Upon A. W.’s death in 1904, his holdings were divided among his heirs. A son, Dewitt C. inherited the homestead and substantial surrounding acreage. Dewitt (1858-1930) married Francis Sarah Grimes (1866-1967), who had come to Texas from Davidson County, Tennessee with her family. They had one daughter, Pearl Perry (1889-1992). In 1907, DeWitt and Francis (better known as Aunt Fannie) built a new home on the homestead property and lived there all their lives. Today the house is known as the “A.W. Perry Homestead Museum,” a Registered Texas Historical Site open to the public for all to see a glimpse into early 1900 rural living.
DeWitt continued in his father’s example by donating land for a new school known as DeWitt Perry Middle School on Beltline Road in Carrollton. He also gave land for the Union Baptist Church’s relocation on Beltline Road and helped in other community needs.
DeWitt was known as a gentleman’s farmer and was highly respected by his neighbors and family. He would, most days, walk up Perry Road to Beltline Road and catch a ride into town. There, he would attend to his business, returning home at lunchtime. His grandchildren fondly remember the candy he would bring them. Aunt Fannie, in her later years would refer to him as a “wonderful and fair man” – Like Father, like son!
DeWitt died in 1930; Aunt Fannie remained in the homeplace until her death at 101 in 1967.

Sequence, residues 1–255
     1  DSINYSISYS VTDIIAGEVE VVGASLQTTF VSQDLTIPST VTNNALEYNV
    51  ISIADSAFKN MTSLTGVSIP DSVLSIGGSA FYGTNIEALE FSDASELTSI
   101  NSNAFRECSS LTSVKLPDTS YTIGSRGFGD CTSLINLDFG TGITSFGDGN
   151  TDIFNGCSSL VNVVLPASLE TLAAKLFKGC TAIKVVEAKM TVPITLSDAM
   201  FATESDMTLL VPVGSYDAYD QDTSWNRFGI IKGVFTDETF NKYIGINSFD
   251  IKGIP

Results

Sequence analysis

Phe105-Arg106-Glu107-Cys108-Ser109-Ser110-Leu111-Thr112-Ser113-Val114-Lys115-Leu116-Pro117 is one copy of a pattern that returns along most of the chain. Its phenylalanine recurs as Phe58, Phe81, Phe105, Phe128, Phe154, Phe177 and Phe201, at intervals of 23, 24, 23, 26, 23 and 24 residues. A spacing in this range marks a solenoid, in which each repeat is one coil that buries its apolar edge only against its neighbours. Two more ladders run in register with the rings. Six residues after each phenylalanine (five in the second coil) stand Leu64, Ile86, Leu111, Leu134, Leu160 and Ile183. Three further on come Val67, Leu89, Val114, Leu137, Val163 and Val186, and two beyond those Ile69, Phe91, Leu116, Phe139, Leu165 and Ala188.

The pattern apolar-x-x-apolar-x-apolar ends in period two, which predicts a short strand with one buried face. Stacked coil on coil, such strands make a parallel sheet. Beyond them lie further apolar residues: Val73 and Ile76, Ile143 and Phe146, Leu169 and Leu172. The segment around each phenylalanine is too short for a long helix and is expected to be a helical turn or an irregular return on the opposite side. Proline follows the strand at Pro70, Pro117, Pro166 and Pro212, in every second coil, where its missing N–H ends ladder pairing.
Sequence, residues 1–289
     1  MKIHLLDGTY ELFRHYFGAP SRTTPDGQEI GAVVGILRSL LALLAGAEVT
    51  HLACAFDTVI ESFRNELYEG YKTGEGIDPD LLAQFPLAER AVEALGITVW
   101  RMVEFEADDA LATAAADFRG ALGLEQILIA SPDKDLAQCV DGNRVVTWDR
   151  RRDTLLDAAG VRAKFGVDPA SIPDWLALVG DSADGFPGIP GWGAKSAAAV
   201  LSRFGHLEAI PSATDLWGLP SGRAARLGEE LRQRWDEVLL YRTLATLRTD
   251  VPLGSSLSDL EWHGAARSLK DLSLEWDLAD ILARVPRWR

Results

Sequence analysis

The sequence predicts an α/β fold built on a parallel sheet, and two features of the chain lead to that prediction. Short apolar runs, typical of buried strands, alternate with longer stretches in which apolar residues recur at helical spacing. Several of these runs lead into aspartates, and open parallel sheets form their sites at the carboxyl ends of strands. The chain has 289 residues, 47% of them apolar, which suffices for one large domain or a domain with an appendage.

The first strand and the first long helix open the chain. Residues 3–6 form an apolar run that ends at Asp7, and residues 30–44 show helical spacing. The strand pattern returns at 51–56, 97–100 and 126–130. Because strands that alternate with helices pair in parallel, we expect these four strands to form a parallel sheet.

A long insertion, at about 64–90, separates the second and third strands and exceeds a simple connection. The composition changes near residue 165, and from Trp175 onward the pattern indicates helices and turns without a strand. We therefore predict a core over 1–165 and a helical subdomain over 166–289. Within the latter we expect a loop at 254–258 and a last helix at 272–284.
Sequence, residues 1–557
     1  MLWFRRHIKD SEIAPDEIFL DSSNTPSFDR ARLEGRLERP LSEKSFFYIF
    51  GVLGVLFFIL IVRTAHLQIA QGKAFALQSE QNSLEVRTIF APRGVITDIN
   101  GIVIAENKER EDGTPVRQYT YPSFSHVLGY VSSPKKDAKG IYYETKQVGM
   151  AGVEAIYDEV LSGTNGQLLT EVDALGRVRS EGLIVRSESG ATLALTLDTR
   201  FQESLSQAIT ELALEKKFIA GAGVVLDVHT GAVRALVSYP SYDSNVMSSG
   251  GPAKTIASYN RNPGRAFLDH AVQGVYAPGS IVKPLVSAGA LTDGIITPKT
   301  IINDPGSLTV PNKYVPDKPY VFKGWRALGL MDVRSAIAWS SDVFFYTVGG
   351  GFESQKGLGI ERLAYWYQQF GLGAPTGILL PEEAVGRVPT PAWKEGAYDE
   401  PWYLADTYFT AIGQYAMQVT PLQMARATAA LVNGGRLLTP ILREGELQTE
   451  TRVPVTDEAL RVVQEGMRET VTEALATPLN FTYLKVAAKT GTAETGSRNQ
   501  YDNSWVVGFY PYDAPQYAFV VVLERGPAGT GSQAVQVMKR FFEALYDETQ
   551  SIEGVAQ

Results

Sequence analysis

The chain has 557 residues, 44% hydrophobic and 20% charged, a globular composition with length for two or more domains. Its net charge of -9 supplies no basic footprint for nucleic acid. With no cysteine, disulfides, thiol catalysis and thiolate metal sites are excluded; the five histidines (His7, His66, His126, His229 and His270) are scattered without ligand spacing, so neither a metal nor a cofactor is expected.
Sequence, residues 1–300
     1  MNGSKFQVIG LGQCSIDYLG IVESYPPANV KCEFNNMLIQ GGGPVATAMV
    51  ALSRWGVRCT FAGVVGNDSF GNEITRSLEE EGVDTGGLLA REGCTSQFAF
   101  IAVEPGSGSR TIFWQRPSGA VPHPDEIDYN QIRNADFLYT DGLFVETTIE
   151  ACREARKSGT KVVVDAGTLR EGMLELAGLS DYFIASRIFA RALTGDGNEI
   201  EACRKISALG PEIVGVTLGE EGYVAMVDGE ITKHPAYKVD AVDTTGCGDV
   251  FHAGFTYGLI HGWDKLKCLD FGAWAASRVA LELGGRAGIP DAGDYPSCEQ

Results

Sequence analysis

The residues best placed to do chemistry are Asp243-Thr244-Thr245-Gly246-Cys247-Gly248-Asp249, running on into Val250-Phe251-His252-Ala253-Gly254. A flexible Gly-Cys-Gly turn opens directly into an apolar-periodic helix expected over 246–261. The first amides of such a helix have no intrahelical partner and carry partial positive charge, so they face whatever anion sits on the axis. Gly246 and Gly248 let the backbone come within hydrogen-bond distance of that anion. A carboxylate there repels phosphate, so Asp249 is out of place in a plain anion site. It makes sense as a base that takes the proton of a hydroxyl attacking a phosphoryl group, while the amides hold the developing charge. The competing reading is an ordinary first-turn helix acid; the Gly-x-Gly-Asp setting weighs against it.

Pearle Perry was born and grew up in the homestead house. In 1907 she married William Arthur Gravley (1886-1957). Arthur’s family had migrated to the Farmers Branch area in the late 1870s and were successful farmers with large land holdings in the area. They had ten children: Beatrice (b. 1908), Thurmond (b. 1911), Lee (b. 1912), Frances (b. 1914), Addie May (b. 1918), Dorothy (b. 1921), Wilton (b. 1923), Evelyn (b. 1926), Joe (b. 1928), and “the baby of the family” Milburn (b. 1931). Nine of these children contributed to the continued growth of Carrollton and surrounding area. Milburn served six terms as Mayor of Carrollton. Wilton serves on the board of the A.W. Perry Museum and was president of Perry Cemetery, 1990-2000.
One daughter, Frances Olive Gravley, my mother, was born and raised in Carrollton on Perry Road. She married Samuel Bert Price (1912-1988) in 1936. Samuel’s family came to Texas in 1908 from Catawba County, North Carolina. At 86 years of age, Frances is still an active Carrolltonite. She and Samuel followed A. W.’s example of involvement in family, church and community affairs. Two sons were born of this union: Paul Raymond Price (b. 1937) and Samuel DeWitt Price (b. 1941). Paul lives in Carrollton. He is president of Perry Cemetery, a member of DCPA, a member of Peters Colony Historical Society, and a volunteer at A. W. Perry Museum. He is married to Rose Marie Milner, who is very active with genealogies of the family lines. Samuel Dewitt is married to Shirley Dever and lives in Round Rock, Texas.
A.W. and Sarah had no idea of the impact that their trip south and generous lives would have on North Texas. I am glad they came and proud to be one of their great-great-grandsons. The A. W. Perry family lives on!
By Paul Raymond Price for Dallas County Pioneer Association’s Proud Heritage, Volume III.
Photos from 1892 Memorial History & Biographical Sketches of Dallas Co. TX.